"Not at all—not at all," said Moses; "but handsome things may grow handsomer, you know."

"I don't like flattery," said Sally.

"I never flatter, Miss Kittridge," said Moses.

Our young gentleman and young lady of Orr's Island went through with this customary little lie of civilized society with as much gravity as if they were practicing in the court of Versailles,—she looking out from the corner of her eye to watch the effect of her words, and he laying his hand on his heart in the most edifying gravity. They perfectly understood one another.

But, says the reader, seems to me Sally Kittridge does all the talking! So she does,—so she always will,—for it is her nature to be bright, noisy, and restless; and one of these girls always overcrows a timid and thoughtful one, and makes her, for the time, seem dim and faded, as does rose color when put beside scarlet.

Sally was a born coquette. It was as natural for her to want to flirt with every man she saw, as for a kitten to scamper after a pin-ball. Does the kitten care a fig for the pin-ball, or the dry leaves, which she whisks, and frisks, and boxes, and pats, and races round and round after? No; it's nothing but kittenhood; every hair of her fur is alive with it. Her sleepy green eyes, when she pretends to be dozing, are full of it; and though she looks wise a moment, and seems resolved to be a discreet young cat, let but a leaf sway—off she goes again, with a frisk and a rap. So, though Sally had scolded and flounced about Moses's inattention to Mara in advance, she contrived even in this first interview to keep him talking with nobody but herself;—not because she wanted to draw him from Mara, or meant to; not because she cared a pin for him; but because it was her nature, as a frisky young cat. And Moses let himself be drawn, between bantering and contradicting, and jest and earnest, at some moments almost to forget that Mara was in the room.

She took her sewing and sat with a pleased smile, sometimes breaking into the lively flow of conversation, or eagerly appealed to by both parties to settle some rising quarrel.

Once, as they were talking, Moses looked up and saw Mara's head, as a stray sunbeam falling upon the golden hair seemed to make a halo around her face. Her large eyes were fixed upon him with an expression so intense and penetrative, that he felt a sort of wincing uneasiness. "What makes you look at me so, Mara?" he said, suddenly.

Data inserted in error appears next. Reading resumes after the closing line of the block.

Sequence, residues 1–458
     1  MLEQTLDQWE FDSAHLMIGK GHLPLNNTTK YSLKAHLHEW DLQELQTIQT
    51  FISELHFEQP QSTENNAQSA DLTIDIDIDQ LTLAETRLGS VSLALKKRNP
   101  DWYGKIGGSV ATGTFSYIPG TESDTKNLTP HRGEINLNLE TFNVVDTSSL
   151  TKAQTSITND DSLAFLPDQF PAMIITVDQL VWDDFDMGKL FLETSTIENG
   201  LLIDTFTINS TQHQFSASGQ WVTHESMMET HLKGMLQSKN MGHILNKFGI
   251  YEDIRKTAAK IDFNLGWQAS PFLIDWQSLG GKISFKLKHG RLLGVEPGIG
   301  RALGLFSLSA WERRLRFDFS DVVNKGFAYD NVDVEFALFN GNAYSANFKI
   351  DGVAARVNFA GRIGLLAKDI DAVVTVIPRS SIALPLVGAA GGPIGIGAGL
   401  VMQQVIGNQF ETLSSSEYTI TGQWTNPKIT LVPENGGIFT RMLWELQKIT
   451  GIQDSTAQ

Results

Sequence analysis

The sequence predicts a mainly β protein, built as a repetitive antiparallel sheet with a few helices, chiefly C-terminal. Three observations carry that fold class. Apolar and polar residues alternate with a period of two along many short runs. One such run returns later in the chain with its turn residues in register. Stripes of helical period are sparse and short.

A bright flush came in her cheek as she answered, "I didn't know I was looking. It all seems so strange to me. I am trying to make out who and what you are."

"It's not best to look too deep," Moses said, laughing, but with a slight shade of uneasiness.

When Sally, late in the afternoon, declared that she must go home, she couldn't stay another minute, Moses rose to go with her.

"What are you getting up for?" she said to Moses, as he took his hat.

"To go home with you, to be sure."

"Nobody asked you to," said Sally.

"I'm accustomed to asking myself," said Moses.

"Well, I suppose I must have you along," said Sally. "Father will be glad to see you, of course."

"You'll be back to tea, Moses," said Mara, "will you not? Grandfather will be home, and want to see you."

"Oh, I shall be right back," said Moses, "I have a little business to settle with Captain Kittridge."

But Moses, however, did stay at tea with Mrs. Kittridge, who looked graciously at him through the bows of her black horn spectacles, having heard her liege lord observe that Moses was a smart chap, and had done pretty well in a money way.

How came he to stay? Sally told him every other minute to go; and then when he had got fairly out of the door, called him back to tell him that there was something she had heard about him. And Moses of course came back; wanted to know what it was; and couldn't be told, it was a secret; and then he would be ordered off, and reminded that he promised to go straight home; and then when he got a little farther off she called after him a second time, to tell him that he would be very much surprised if he knew how she found it out, etc., etc.,—till at last tea being ready, there was no reason why he shouldn't have a cup. And so it was sober moonrise before Moses found himself going home.

"Hang that girl!" he said to himself; "don't she know what she's about, though?"

There our hero was mistaken. Sally never did know what she was about,—had no plan or purpose more than a blackbird; and when Moses was gone laughed to think how many times she had made him come back.

"Now, confound it all," said Moses, "I care more for our little Mara than a dozen of her; and what have I been fooling all this time for?—now Mara will think I don't love her."

And, in fact, our young gentleman rather set his heart on the sensation he was going to make when he got home. It is flattering, after all, to feel one's power over a susceptible nature; and Moses, remembering how entirely and devotedly Mara had loved him all through childhood, never doubted but he was the sole possessor of uncounted treasure in her heart, which he could develop at his leisure and use as he pleased. He did not calculate for one force which had grown up in the meanwhile between them,—and that was the power of womanhood. He did not know the intensity of that kind of pride, which is the very life of the female nature, and which is most vivid and vigorous in the most timid and retiring.